During the Vietnam War, the Que Son Valley region was a very bad place with a very bad reputation. More U.S. Army infantrymen and Marines died there than at any other location in Vietnam. More Medals of Honor were awarded in this region than in any other single combat zone, ever.

On 5 May 1968, the downing of two U.S. helicopters in the Que Son Valley marked the beginning of the North Vietnamese Army’s second Tet offensive, with the goal of destroying all U.S. forces. At 1728 hours, Delta Company, 1st Battalion, 20th Infantry conducted a combat air assault to join Bravo Company, 1st Battalion, 6th Infantry at the helicopters’ fatally downed location.

Their experiences during the next six days set the stage for a three-month long battle that lasted only hours for some. In the end, there would be more than 2,300 dead and wounded, and one American Soldier missing in action. It will take over 44 years to find his location; UNACCOUNTED is his story.

Available on Amazon Barnes & Noble Kobo Goodreads

“Accurate, gripping, and haunting; should become a classic.”

Five Star Review on Amazon By John Hart

I can vouch for the accuracy of the events in the Que Son Valley and surrounding area beginning 5May1968, the day that Michael’s “D” Company 1st Battalion, 12th Infantry, 11th Light Infantry Brigade linked up with the remnants of my company, “B” Co., 1st Battalion, 6th Infantry, 198th Light Infantry Brigade to secure a helicopter crash site and recover the bodies of the crew and passengers, thought to be LRRP Team “Rosie”.
Michael’s company and mine continued to operate closely until just hours before the ambush on 10May68 which resulted in roughly half his platoon either killed or wounded. Several days later my platoon was able to recover one of the fallen Delta 1/20 soldiers who was initially not able to be reached, but as the title of his book indicates, Spec. 4 Clifford Van Artsdalen remained unaccounted for.
McDonald – Low does a remarkable job of reporting the events of those six days and conveying the feeling and violence of close combat in the mountains and valleys of I Corps Tactical Zone during mid-1968.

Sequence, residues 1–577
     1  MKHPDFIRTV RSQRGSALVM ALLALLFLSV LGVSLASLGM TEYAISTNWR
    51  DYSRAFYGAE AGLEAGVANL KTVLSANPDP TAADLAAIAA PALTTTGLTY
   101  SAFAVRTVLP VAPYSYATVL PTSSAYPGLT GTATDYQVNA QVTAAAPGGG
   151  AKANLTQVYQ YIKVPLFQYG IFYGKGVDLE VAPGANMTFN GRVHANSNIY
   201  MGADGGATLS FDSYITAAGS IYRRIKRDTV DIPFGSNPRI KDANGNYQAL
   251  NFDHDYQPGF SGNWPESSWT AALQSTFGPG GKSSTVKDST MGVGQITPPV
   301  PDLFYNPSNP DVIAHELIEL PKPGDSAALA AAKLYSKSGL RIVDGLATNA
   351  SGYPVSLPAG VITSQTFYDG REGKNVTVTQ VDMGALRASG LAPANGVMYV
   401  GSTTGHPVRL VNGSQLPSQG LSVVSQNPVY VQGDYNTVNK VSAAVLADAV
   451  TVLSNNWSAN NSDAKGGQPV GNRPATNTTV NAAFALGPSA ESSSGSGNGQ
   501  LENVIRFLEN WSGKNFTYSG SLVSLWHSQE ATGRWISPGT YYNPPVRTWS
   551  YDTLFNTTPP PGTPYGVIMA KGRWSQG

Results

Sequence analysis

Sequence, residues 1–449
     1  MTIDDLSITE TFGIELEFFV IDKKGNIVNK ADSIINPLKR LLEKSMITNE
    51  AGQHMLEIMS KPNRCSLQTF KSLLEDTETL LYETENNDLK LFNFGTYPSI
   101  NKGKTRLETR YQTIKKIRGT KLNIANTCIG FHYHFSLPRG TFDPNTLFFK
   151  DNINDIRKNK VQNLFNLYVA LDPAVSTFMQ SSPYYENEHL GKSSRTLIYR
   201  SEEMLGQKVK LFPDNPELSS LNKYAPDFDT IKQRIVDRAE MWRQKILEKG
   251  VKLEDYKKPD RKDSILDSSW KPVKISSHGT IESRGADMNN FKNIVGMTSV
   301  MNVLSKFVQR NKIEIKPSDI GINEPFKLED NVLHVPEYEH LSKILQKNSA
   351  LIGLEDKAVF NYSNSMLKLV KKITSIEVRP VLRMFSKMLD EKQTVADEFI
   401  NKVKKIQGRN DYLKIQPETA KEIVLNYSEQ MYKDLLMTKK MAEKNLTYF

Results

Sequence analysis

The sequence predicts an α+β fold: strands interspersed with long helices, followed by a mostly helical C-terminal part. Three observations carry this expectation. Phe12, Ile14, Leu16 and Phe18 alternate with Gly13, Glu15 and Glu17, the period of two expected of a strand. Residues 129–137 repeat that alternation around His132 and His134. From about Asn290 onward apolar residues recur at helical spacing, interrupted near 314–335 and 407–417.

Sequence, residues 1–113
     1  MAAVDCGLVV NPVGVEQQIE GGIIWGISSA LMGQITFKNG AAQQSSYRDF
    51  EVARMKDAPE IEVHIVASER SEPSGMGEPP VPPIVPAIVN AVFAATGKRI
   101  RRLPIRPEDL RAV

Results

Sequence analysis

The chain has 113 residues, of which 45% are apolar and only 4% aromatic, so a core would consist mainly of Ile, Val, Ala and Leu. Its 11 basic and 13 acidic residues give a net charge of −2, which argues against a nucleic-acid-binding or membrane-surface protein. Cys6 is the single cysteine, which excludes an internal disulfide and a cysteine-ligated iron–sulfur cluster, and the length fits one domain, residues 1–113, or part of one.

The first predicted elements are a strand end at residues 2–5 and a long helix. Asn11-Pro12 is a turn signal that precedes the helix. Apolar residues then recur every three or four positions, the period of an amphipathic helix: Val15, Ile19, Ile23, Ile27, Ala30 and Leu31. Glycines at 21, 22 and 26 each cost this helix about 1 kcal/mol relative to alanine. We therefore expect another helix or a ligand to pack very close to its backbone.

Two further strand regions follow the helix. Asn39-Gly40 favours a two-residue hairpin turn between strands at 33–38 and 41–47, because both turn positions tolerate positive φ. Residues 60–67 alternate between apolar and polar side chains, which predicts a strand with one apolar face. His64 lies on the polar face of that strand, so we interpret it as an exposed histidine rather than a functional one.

This book is a compelling read. If you served in Vietnam, or have a friend or relative who did, or want to have a better understanding of how that war shaped the men who served there, read it.
Thank you Michael, for your service to our country, for telling this story, and for your lasting commitment to Sp/4 Clifford Van Artsdalen.

About the Author

Michael McDonald-Low graduated from Officers Candidate School in 1966, at Ft. Knox, Kentucky, where he was commissioned as a 2nd Lieutenant at 19 years of age. He served in Vietnam in 1967 and 1968 as a 1st Lieutenant infantry platoon leader and later as company commander after being promoted to Captain. He has one soldier from his platoon still there, Specialist 4 Clifford Van Artsdalen – MIA #1165. In 2012, he led an American Joint POW/MIA Accounting Command team to search for his location.

Among McDonald-Low’s military awards and decorations are the Combat Infantryman’s Badge, Bronze Star with “V” Device for Heroism, Bronze Star for Meritorious Service, Purple Heart with Oak Leaf Cluster (2), Army Commendation Medal, Army Good Conduct Award, Meritorious Service Medal (2x), National Defense Service Medal, Vietnam Presidential Unit Citation, Vietnam Gallantry Cross Unit Citation, Vietnam Civil Action Honor Medal, Southwest Asia Service Medal, Army Valorous Unit Award, Republic of Vietnam Campaign Medal, Tet Counter-Offensive Medal.

In September 2014, McDonald-Low joined the newly reorganized Defense POW/MIA Accounting Agency (DPAA) as the its first-ever Southeast Asia Veteran Liaison. McDonald-Low participates in MIA case analysis and review of existing DPAA background information and investigative reporting related to unresolved ground loss cases in Vietnam, Laos and Cambodia.

Keywords: Missing in Action, MIA, Infantryman, Vietnam, POW, Mission, Unaccounted, War

Leave a Reply

Your email address will not be published. Required fields are marked *